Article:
Dan circled around the periphery of the group that had sprung up about Sandy. They were discussing her outfit for the evening–specifically the large, blue stone danging from a silver chain encircling her neck.

“It’s just so unique!” An onlooker said, ogling the jewel. “Is it a blue diamond?”

“It’s not just about uniqueness, but also value and perception,” Sandy said airily. “The price of diamonds has been kept artificially high for almost a century by the great southern African cartels. That, combined with a PR campaign worthy of any great commodity, has served to make them the Wal-Mart of gemstones: commercialized, callous, overpriced, even ruinous to some.”

The questioner, who sparked with several diamonds of her own, faded into the crowd. Dan tried to line himself up for a good, casual snapshot as Sandy moved under a good light source.

“This is benitoite, one of the rarest gemstones in the world,” Sandy said. “It’s only found in one place, and most of it is used for research. Only a tiny amount is gemstone quality; few are cut, and fewer still sold.”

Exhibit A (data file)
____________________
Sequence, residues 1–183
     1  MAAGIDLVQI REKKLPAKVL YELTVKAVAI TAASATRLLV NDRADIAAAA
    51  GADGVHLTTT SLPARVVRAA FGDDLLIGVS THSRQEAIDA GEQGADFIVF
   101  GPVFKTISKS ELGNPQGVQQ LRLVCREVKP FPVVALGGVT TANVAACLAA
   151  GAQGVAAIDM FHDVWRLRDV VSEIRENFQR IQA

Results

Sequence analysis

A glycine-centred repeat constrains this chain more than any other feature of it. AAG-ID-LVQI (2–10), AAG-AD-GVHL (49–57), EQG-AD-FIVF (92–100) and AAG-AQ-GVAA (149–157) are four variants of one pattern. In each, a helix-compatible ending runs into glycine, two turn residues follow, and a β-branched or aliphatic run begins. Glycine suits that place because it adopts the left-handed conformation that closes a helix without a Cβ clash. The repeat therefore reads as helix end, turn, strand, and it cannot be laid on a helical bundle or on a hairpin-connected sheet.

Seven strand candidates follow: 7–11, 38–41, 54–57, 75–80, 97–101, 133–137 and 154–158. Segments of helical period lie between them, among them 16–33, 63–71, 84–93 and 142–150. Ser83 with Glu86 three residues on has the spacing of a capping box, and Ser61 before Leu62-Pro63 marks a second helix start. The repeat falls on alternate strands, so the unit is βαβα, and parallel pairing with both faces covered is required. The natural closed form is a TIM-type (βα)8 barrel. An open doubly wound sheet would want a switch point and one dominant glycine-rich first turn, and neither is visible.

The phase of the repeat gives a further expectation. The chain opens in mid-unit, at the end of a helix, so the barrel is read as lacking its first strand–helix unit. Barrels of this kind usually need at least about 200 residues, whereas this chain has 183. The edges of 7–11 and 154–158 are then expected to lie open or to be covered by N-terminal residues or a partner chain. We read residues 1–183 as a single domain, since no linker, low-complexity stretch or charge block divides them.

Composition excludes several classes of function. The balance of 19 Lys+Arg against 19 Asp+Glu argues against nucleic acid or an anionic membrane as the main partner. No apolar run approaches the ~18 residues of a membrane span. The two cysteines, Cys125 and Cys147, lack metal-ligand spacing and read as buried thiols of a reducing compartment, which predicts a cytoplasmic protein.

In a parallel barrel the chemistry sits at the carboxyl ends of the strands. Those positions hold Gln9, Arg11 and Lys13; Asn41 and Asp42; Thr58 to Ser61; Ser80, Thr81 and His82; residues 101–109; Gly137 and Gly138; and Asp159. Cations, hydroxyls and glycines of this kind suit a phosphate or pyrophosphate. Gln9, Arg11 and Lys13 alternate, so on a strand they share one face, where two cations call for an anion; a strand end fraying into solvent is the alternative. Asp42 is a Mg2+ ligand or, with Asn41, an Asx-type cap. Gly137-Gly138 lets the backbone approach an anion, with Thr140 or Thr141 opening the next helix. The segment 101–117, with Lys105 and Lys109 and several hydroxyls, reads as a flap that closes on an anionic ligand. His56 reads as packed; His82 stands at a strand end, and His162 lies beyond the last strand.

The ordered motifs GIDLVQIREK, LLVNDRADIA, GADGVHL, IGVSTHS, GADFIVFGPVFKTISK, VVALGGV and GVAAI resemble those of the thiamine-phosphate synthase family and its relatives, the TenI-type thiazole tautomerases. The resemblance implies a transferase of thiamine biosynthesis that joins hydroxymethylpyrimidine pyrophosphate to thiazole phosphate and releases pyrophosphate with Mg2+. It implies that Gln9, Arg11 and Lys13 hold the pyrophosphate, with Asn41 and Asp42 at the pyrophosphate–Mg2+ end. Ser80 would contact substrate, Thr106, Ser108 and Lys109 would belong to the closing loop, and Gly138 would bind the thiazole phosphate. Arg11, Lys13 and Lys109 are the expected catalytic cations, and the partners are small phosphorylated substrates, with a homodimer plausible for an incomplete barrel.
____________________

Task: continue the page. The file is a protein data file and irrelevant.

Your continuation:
She was lined up perfectly; what’s more, the stone glowed with an almost unholy light. Its blue overpowered the red tones in Sandy’s skin, giving her an elegant, icy quality through the viewfinder.

“This may just be the only gem-quality benitoite being worn anywhere right now,” Sandy said. “That’s what attracted me.” Dan’s camera snapped as she spoke, fixing the moment in amber. He should have been thinking about his editor, or the freelancer contacts he still had from the old days, and how much the snap could sell for.

Instead, he was entranced by the stone and its wearer, such that he all but joined the crowd of hollow worshippers thronging around her.

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